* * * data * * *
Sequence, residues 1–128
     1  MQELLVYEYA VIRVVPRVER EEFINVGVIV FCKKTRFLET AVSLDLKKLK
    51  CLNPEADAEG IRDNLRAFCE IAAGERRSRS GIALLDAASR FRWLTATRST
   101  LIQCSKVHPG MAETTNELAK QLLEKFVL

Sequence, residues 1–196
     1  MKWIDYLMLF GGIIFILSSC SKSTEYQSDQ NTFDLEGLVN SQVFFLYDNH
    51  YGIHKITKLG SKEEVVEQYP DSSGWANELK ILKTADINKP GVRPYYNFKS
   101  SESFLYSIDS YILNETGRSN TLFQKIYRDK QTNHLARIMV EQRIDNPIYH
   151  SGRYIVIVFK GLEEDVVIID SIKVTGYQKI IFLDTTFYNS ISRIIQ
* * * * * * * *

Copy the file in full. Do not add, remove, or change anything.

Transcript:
Sequence, residues 1–128
     1  MQELLVYEYA VIRVVPRVER EEFINVGVIV FCKKTRFLET AVSLDLKKLK
    51  CLNPEADAEG IRDNLRAFCE IAAGERRSRS GIALLDAASR FRWLTATRST
   101  LIQCSKVHPG MAETTNELAK QLLEKFVL

Sequence, residues 1–196
     1  MKWIDYLMLF GGIIFILSSC SKSTEYQSDQ NTFDLEGLVN SQVFFLYDNH
    51  YGIHKITKLG SKEEVVEQYP DSSGWANELK ILKTADINKP GVRPYYNFKS
   101  SESFLYSIDS YILNETGRSN TLFQKIYRDK QTNHLARIMV EQRIDNPIYH
   151  SGRYIVIVFK GLEEDVVIID SIKVTGYQKI IFLDTTFYNS ISRIIQ